BarrieToday welcomes letters to the editor at email@example.com. Please include your daytime phone number and address (for verification of authorship, not publication). The following is in response to stories titled 'Garbage collection days changing in parts of Simcoe County' published on July 27, and 'County expects to roll out new waste carts between August, October' published on July 28.
I would like to write on behalf of my mother, who lives alone in a house in Collingwood.
Her driveway is adequate to contain and roll down these bins to the edge of her road. Her driveway is only about 50 feet long.
So what it’s the problem, you ask? My mom is 98 years old. She eats sparingly and makes little garbage on her diet of veggies, meat, potatoes, bread, soup, tea and milk. She puts her garbage out every other collection day, and then the bag is only half full.
Even with the waste of doggie bags from her faithful Aussie shepherd dog, she doesn’t come close to filling the green bin. At most, she fills a single compost bag per week.
The blue recycle bag goes out once a month, too.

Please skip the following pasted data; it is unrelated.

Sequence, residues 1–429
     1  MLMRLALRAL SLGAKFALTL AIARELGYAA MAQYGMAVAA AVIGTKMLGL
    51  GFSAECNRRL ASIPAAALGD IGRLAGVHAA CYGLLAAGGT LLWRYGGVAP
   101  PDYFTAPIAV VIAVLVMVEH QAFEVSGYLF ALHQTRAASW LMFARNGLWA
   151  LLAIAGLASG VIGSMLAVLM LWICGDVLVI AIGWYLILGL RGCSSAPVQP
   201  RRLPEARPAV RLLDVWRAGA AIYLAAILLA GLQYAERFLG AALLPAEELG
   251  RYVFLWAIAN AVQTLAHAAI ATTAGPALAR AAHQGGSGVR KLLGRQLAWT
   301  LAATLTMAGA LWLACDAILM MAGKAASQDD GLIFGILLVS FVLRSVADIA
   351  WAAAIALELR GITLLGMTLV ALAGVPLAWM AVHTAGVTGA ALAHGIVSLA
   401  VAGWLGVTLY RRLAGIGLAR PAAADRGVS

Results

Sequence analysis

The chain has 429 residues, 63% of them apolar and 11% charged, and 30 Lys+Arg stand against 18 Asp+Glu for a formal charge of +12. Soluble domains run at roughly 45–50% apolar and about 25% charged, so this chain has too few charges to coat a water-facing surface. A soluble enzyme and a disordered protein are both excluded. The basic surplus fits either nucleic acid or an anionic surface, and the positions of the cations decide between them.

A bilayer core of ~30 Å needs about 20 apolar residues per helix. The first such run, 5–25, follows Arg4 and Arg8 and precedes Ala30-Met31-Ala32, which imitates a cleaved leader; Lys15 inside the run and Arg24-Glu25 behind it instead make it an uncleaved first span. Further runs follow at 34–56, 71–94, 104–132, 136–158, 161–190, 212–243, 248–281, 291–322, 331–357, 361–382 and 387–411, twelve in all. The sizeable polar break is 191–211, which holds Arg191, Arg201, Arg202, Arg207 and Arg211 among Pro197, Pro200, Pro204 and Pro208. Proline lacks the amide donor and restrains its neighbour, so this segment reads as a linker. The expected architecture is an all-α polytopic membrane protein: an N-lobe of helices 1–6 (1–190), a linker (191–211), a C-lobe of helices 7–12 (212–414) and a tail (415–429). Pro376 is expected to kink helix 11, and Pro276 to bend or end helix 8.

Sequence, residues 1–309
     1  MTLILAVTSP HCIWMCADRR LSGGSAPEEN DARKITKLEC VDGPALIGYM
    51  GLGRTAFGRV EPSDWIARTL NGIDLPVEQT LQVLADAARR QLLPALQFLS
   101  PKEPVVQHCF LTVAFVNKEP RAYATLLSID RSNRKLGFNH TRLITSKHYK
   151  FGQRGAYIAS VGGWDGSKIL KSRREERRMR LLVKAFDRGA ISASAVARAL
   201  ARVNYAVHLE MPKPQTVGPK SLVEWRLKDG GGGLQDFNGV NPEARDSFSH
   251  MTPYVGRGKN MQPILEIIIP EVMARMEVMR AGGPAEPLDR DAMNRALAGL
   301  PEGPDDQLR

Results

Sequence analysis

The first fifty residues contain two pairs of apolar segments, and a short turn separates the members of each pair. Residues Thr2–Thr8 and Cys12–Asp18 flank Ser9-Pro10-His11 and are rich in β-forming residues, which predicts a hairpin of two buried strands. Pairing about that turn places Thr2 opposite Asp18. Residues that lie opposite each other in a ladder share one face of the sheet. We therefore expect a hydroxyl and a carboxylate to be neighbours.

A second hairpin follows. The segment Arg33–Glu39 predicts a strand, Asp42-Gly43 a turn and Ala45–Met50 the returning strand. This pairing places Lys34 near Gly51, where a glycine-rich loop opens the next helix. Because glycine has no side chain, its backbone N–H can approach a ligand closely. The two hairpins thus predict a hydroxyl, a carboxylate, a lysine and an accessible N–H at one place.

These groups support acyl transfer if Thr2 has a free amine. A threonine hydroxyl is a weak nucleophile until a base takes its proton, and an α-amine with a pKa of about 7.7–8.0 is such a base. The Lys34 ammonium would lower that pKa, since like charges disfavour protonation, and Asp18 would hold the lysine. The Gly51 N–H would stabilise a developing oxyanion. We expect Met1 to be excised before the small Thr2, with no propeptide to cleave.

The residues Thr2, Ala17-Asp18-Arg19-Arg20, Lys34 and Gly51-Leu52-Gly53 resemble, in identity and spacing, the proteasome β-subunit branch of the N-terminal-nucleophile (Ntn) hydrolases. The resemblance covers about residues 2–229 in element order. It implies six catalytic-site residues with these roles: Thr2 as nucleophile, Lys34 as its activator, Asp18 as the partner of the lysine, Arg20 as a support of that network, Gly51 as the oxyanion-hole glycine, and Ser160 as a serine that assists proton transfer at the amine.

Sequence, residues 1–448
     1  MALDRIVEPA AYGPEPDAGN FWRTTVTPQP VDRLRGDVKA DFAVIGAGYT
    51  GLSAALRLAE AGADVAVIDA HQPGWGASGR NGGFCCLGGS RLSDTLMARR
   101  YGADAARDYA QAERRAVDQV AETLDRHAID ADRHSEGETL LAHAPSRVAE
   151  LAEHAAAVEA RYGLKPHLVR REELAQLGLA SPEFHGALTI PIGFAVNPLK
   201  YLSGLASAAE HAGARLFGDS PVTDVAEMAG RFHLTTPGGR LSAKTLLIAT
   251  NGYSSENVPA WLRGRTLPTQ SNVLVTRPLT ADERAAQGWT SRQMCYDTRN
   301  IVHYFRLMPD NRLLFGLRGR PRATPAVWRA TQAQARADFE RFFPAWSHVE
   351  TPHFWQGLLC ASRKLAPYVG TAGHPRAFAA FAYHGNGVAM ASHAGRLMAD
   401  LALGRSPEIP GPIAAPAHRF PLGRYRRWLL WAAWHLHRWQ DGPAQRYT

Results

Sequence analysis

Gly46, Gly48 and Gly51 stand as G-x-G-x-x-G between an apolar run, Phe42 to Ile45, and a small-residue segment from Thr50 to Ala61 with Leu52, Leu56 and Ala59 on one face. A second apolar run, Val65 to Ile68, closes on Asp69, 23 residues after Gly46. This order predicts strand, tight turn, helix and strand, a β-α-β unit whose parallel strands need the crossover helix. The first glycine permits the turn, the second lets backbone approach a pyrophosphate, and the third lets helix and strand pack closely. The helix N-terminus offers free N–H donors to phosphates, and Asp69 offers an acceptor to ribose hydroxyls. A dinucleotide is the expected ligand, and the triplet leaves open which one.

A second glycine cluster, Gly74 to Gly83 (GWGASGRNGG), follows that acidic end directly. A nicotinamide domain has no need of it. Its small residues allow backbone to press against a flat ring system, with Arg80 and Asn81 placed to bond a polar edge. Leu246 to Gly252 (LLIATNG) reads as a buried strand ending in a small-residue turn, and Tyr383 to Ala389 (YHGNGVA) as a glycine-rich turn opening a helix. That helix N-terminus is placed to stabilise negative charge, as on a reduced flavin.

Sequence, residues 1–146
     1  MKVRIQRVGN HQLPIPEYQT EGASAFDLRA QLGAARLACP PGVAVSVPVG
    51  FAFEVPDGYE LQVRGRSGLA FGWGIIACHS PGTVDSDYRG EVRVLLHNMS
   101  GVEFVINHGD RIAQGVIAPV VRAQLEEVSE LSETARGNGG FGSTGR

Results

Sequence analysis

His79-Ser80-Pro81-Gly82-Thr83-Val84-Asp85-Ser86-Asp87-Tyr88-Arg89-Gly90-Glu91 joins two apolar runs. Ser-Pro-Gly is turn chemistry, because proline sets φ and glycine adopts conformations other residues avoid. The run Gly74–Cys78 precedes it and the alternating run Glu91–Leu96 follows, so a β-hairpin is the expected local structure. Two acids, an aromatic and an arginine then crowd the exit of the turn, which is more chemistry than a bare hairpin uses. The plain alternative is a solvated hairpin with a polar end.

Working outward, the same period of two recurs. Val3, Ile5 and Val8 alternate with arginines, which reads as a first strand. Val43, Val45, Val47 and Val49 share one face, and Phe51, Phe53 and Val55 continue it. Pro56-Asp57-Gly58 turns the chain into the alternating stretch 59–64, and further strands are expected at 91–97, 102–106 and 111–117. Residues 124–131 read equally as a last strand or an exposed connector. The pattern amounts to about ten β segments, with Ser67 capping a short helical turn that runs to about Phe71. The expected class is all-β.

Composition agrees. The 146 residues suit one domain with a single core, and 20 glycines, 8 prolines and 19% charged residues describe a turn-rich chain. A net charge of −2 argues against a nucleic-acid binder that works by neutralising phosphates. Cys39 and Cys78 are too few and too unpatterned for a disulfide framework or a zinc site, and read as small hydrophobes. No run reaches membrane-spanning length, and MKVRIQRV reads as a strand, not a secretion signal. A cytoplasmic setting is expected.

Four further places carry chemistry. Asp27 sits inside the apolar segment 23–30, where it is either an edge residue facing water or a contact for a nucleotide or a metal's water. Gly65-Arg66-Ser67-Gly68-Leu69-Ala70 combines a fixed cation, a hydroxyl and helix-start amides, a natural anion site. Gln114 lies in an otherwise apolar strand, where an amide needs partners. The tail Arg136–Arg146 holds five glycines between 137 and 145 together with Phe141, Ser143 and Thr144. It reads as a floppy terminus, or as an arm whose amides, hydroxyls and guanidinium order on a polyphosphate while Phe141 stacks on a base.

And how is a 98-year-old going to get these bins to the road in winter?
They will have to be rolled out by myself on Sunday night and we will hope that they do not get buried by a snowfall before morning.
My only thought is that we could approach her neighbours and ask if she could piggyback her refuse with their contributions each week.
Perhaps the county could entertain the idea of ‘neighbourhood bins’ in areas of single people where the residents could pool their garbage.
We live close to my mother — not next door, but across town in Collingwood.
A third alternative may be that we incorporate her garbage with ours, and perhaps that is the best and most obvious solution. OK for us.
But what about all the other elderly, incapacitated people in Simcoe County.
Surely our situation is not unique.
We are an adult family of three with two cats and even we cannot envisage the need for these huge bins unless they are being picked up monthly. It feels like an industrial-sized solution to a very urban/residential problem.
Perhaps some thought should be given to the entire plan, for which it appears the main concern is cost, ie., the number of people needed to effectively collect our garbage.
So when all the people who presently collect our refuse are laid off, how does that balance with the outgoing EI and welfare payment that may result?
Just a question?